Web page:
The Western Digital WD TV HD Media Player is a £78 device that plays back high-definition video on a television.

The WD TV HD Media Player also features audio and photo playback.

You connect one or two USB hard drives (or a USB camera, camcorder, or mass storage device) with content to the Western Digital WD TV's two USB ports, then connect the device to a TV using either the included composite video cables or HDMI cable. (The HDMI cable is not included with the WD TV.) With HDMI, you can output HD video up to 1080p. There's also an optical digital audio output for connecting to a surround-sound receiver.

The WD TV supports a wide variety of formats. For video, it supports MPEG-1, MPEG-2, MPEG-4, WMV9, AVI (MPEG-4, Xvid, and AVC), H.264, Matroska (MKV), and MOV (MPEG-4 and H.264). For audio, it supports MP3, WMA, OGG, WAV, PCM, LPCM, AAC, FLAC, Dolby Digital, AIFF, and MKA files - plus PLS, M3U, and WPL playlists. For photos, it supports JPEG, GIF, TIFF, BMG, and PNG. It also works with SRT subtitles.

For HD playback, the Western Digital WD TV supports MPEG-2, MPEG-4, H.264, and WMV9 video at up to 1920 by 1080p at 24 frames per second (fps), 1,920-by-1,080i at 30fps, and 1,280-by-720p at 60fps. The Apple TV, by contrast, supports H.264 video up to 1,280-by-720 at 24fps or 960-by-540 at 30fps. MPEG-4 videos on the Apple TV can only be 720-by-432 at 30fps.

At the same time, the WD TV won't work with any protected content (such as downloads from the iTunes Store).

The WD TV HD Media Player acts as a go-between for your multimedia content and your TV. Although designed to work with Western Digital's My Passport hard drive line, the company says the WD TV should work with other USB storage devices as well.

We tested the Western Digital WD TV with a PC-formatted My Passport drive supplied by Western Digital. The included content (MP3 audio, JPEG photos, HD MPEG-4 and SD WM9 video) played just fine connected to a 1080p Sharp Aquos HDTV.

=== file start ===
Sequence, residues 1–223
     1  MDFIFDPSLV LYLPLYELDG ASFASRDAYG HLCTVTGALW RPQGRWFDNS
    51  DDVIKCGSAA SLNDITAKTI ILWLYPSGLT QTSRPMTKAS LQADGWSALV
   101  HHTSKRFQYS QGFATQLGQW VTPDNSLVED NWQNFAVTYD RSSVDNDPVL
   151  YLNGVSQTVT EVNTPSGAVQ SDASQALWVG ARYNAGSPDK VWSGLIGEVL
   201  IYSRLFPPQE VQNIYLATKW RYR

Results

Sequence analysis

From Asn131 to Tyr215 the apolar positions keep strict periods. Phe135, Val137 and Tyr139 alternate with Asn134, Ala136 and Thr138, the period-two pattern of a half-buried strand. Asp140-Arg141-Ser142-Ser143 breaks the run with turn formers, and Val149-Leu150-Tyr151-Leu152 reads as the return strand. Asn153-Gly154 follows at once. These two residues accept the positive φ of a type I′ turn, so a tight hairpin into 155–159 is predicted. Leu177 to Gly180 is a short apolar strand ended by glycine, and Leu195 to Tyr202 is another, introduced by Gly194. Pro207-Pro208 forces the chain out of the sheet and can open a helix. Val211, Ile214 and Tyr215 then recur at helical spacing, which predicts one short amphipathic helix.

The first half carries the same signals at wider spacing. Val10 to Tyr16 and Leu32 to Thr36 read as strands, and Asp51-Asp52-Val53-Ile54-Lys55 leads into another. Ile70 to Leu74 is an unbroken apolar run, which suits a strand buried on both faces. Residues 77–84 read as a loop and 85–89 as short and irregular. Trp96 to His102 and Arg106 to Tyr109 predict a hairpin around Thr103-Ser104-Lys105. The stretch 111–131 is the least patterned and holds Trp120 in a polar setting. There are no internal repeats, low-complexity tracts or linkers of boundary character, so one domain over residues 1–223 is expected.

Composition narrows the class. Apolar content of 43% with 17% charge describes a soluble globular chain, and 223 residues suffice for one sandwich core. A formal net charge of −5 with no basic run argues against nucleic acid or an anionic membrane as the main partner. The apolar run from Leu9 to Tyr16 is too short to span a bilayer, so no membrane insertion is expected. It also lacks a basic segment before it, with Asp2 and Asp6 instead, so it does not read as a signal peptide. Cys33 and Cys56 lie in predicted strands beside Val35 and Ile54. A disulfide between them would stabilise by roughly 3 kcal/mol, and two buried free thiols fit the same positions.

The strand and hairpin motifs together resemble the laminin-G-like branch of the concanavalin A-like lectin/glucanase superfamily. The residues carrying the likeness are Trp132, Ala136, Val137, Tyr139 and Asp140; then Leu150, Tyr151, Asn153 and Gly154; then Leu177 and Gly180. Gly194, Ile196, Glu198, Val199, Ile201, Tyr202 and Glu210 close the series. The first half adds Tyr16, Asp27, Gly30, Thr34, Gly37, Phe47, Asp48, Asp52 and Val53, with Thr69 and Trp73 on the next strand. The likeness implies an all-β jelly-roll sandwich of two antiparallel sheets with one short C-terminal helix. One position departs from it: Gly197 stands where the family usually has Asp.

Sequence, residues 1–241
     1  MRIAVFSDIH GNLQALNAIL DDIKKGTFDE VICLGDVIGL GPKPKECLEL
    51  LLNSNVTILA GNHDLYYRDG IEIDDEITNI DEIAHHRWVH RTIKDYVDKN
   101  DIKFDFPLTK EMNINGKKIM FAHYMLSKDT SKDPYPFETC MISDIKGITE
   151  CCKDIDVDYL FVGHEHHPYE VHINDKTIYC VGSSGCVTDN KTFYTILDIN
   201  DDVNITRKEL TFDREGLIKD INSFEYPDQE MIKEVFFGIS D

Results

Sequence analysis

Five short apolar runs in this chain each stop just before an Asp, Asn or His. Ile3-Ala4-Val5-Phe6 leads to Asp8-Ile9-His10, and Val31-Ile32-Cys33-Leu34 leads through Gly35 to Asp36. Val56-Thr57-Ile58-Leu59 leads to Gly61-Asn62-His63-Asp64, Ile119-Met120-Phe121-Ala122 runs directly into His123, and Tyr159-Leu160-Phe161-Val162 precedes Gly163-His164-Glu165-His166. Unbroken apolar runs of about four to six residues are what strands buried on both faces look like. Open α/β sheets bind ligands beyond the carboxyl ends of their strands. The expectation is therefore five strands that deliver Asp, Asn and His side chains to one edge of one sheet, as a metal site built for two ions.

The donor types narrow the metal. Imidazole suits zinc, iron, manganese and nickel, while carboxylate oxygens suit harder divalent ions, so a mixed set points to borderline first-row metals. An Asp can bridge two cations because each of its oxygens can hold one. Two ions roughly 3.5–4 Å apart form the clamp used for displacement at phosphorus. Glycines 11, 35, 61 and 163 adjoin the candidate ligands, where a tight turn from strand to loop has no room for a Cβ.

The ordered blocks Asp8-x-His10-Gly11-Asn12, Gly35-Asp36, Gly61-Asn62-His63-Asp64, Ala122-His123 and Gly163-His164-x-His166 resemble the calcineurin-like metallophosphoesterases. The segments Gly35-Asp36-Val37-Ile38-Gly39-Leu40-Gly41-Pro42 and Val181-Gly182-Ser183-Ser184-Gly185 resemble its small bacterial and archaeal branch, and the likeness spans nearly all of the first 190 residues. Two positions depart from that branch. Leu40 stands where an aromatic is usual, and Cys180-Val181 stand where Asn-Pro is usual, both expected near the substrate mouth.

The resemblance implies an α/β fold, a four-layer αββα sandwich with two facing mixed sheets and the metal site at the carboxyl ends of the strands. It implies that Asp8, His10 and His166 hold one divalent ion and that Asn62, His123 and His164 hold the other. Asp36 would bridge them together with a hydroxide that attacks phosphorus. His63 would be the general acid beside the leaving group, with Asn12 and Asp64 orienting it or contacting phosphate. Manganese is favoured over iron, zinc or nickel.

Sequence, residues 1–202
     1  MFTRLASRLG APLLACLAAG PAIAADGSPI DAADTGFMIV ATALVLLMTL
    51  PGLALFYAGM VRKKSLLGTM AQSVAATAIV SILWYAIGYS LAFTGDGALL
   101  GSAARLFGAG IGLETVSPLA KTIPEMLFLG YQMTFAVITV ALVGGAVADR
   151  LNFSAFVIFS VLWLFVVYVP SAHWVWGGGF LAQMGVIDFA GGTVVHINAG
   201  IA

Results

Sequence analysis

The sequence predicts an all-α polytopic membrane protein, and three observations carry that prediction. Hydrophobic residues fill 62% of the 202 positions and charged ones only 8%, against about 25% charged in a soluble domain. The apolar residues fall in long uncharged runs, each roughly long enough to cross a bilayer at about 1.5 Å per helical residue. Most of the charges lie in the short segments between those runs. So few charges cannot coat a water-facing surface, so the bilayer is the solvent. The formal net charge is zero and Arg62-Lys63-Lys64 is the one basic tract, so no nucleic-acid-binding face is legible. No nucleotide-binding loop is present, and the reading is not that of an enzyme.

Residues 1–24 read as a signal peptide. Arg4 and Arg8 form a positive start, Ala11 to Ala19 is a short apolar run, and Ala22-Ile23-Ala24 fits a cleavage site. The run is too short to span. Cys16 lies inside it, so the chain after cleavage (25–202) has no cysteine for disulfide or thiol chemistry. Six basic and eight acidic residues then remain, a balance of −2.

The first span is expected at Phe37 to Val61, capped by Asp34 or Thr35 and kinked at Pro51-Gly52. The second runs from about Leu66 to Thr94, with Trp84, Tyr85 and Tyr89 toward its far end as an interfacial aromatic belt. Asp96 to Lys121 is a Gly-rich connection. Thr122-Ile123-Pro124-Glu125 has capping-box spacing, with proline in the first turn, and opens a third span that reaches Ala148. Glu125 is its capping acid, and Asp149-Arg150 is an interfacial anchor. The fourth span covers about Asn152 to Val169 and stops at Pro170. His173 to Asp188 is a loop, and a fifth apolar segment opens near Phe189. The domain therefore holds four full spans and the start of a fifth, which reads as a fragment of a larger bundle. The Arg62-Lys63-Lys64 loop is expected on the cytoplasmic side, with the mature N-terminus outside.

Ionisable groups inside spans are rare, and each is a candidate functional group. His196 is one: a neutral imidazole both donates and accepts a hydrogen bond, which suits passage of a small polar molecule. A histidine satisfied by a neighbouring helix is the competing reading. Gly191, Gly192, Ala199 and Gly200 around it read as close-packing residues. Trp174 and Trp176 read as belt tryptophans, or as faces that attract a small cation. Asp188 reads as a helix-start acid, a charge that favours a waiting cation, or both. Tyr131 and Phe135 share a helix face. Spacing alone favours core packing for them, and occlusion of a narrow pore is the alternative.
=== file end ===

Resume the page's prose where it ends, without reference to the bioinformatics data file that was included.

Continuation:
When we reformatted the drive as a journaled Mac OS Extended volume and connected it to the Western Digital WD TV, however, we got a message that journaled volumes were not supported. We reformatted again as plain old Mac OS Extended, and copied several JPGs, FLAC audio files, and MKV video files in both 720p and 1080p to the drive. All played fine on the TV.

Also included with the Western Digital WD TV is a small remote to control selection and playback. Using the remote feels a little sluggish, but it does the trick. When navigating video or photos, you can choose to view everything, or content by date, by folder, or by how recent each file is.

Audio provides the same options, but adds artist, genre, album, and playlist. The menus showed thumbnail previews for photos, but it took a long time to load them all when there were many images. And with videos, some had thumbnails, while other displayed generic icons (you can choose to view content as a list instead). There's even a Western Digital logo screensaver the comes on after a period of inactivity.

You can rotate and create slideshows of your photos, zoom in on photos and video, and search for content as well.

In the Western Digital WD TV box you'll find the WD TV hardware, a power adaptor, the remote with batteries, composite video and audio cables, a stand for a My Passport portable hard drive, and Windows-only ArcSoft MediaConverter software.

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It's early days, but on first impressions we really like the Western Digital WD TV.